Parkas To cope with the freezing Russian winters, the Germans developed a series of winter parkas. The parkas come in two forms, the mouse grey version, which was the first version issued in large quantities, and a splinter A camouflage variation that was issued in the winter of 1944. Since the grey parkas were issued longer and were much more common, they are recommended over the camouflage ones. However, both are acceptable at an event. Both are reversible to white on the other side. These can be found for around 130-150 dollars. Parka pants and gloves are also available, however, these are optional. (Since parka pants may prove too warm with a parka top, one can achieve the look of parka pants by using thin white snowcamo pants, winterwhite camo sets can be found as surplus for around 20 dollars. Avoid ones with camo print)
Headwear: Headwear is the same as in the summer only with a few variations. One such variation is the "toque" or head scarf. This is a grey tube of fabric worn around the neck and tucked under the helmet leaving the face exposed. Otherwise, the standard wool caps should keep you plenty warm. Helmets can either be painted white, or covered with a white cloth cover. However, this is not necessary. For painting a helmet white, use water soluble paint, or use chalk. To get a battle worn look, use water soluble paint, and then rub off the paint on top of the helmet. Use period pictures for reference.
Gear: Gear is the same as it was in the summer. Use grey to green finger gloves or reproduction gloves, as well as a grey to olive drab scarf or reproduction scarf.
Footwear: Footwear is mostly the same as the summer. However, East German or reproduction winter jackboots are acceptable as well. These can be found for around 30 dollars (East German).
Schutze: A good winter impression can be had for any beginner on a budget. The best way to do this is to go with a pair of surplus white snowcamo. These can be found for around 20 dollars. Stick to plain white camo sets and avoid anything with camo print.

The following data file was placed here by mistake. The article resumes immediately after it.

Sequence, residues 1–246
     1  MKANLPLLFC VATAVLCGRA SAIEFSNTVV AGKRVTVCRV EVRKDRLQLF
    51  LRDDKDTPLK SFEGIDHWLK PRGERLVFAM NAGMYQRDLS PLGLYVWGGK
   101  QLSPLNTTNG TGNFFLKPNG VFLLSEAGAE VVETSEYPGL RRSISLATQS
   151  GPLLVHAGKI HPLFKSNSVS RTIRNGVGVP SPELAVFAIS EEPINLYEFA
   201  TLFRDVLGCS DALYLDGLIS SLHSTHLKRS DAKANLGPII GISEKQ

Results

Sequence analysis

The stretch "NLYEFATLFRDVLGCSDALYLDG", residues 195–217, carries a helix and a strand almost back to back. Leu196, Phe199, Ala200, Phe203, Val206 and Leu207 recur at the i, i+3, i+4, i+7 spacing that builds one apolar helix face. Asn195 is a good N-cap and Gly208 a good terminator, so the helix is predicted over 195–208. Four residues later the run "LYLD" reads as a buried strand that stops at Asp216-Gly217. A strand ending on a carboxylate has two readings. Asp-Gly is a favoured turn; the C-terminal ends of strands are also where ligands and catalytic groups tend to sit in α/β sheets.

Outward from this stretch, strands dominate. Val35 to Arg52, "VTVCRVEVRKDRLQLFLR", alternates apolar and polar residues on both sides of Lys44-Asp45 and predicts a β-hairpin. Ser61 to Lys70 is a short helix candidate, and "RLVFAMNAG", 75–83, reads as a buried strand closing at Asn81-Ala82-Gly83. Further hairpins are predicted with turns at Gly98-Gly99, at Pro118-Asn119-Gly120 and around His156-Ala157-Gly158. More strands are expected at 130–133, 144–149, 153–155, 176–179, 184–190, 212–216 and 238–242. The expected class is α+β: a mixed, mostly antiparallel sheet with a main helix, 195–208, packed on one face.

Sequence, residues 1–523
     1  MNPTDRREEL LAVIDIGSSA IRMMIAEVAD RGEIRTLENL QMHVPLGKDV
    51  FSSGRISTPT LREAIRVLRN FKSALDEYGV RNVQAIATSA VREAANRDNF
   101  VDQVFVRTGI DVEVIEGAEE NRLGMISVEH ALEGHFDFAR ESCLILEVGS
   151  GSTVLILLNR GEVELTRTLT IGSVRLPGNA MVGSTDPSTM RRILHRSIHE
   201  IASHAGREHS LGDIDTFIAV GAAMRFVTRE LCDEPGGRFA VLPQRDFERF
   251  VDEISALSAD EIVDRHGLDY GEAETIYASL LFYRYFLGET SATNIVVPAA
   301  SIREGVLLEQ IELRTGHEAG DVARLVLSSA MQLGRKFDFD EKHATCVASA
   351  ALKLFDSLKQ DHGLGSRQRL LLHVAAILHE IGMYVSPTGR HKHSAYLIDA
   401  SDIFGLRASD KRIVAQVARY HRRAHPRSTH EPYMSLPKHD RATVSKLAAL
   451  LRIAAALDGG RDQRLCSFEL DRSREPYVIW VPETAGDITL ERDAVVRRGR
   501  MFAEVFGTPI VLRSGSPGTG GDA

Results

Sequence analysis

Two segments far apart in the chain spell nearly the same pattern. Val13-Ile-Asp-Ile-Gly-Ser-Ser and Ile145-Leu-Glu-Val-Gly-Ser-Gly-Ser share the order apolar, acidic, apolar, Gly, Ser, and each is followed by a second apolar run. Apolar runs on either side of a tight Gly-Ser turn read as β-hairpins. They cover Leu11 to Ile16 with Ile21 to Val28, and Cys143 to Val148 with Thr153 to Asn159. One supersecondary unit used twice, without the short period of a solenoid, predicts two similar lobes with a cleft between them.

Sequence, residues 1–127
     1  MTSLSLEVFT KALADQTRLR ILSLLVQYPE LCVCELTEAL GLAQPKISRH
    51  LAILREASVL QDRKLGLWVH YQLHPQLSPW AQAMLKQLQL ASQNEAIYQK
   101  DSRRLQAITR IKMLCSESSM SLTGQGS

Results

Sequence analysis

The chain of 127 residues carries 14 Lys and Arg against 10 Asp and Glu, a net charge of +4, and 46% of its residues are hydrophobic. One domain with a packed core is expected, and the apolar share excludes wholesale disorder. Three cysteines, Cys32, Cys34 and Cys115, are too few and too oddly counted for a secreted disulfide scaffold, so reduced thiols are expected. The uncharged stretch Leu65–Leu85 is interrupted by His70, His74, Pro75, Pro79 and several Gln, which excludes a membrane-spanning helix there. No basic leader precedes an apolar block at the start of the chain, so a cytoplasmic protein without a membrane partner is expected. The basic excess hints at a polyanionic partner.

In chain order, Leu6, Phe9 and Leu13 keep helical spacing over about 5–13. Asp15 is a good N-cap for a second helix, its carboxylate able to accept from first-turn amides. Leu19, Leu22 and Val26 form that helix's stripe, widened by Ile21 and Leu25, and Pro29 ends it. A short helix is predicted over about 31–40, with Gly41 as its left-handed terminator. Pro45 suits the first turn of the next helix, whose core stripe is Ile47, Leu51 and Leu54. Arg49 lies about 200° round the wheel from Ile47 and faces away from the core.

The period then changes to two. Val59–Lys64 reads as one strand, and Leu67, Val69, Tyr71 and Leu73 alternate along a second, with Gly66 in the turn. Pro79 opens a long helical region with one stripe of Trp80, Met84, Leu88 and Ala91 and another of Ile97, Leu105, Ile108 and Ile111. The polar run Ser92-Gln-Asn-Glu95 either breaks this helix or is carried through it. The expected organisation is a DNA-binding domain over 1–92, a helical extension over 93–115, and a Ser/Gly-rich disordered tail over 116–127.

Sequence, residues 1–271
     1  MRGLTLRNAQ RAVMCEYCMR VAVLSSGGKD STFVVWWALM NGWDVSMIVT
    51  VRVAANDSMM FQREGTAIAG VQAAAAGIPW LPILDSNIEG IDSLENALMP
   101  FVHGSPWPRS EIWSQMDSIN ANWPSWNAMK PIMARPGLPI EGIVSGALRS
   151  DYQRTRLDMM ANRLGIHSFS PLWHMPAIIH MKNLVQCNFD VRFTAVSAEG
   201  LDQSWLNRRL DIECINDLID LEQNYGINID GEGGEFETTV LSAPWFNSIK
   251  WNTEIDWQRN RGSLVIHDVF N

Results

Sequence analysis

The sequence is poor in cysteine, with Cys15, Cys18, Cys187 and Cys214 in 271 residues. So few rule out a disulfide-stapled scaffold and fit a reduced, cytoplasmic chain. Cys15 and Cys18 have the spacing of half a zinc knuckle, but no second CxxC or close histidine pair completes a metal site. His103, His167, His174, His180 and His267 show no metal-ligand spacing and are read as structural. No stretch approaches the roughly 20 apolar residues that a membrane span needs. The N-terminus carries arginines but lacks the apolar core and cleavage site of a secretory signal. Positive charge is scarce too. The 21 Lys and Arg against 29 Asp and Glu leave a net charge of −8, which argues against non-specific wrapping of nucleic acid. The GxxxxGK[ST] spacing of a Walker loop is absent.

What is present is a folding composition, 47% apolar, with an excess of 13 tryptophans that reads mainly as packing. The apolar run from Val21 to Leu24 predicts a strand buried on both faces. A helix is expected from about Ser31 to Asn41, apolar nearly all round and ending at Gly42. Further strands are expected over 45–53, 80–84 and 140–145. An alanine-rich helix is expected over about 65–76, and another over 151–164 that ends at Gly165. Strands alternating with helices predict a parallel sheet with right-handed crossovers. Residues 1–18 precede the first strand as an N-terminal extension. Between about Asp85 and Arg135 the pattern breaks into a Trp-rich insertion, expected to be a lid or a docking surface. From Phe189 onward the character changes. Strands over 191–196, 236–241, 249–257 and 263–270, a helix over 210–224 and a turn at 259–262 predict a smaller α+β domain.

Tips: Get white items dirty! Crawling around in the trenches caused all white items to become brown quickly. Thick parkas meant they could not be easily washed and German winter uniforms were notorious for turning brown. Soldiers were known to even use vehicle paint to return them to white. So get down and dirty with your items! Have some fun.
Posted by Rekkon on Aug. 02 2013,14:31A couple notes:
In this case, since we portray a Wehrmacht or army unit, the uniform will be that of a 3rd Panzergrenadier.
This should be "Heer or army unit." Wehrmacht was the entire armed forces.
Tropical Y straps are also acceptable but leather are recommended.
Since this is intended as a beginner's guide, I would change this to:
"Tropical (cotton webbing) Y-straps are also acceptable, but leather is recommended."
Shoulder boards must have the white piping.
I believe green or white is acceptable for us. I seem to recall that the 3rd began as an infantry unit (hence white), but those that were assigned after we became "armored" got green.
The modern term for this is a "undercut".
I have also seen it called "high and tight."
Posted by Ersatzjack on Aug. 02 2013,18:47White piping was special for 3rd Pz Grenadier. Though other Pz Gren units went to the Light Green for motorized, you would not be wrong to continue to wear white as we had special dispensation I believe just like we were allowed to wear the pewter kreuz on the cap.
Right about Heer vs Wehrmacht terms.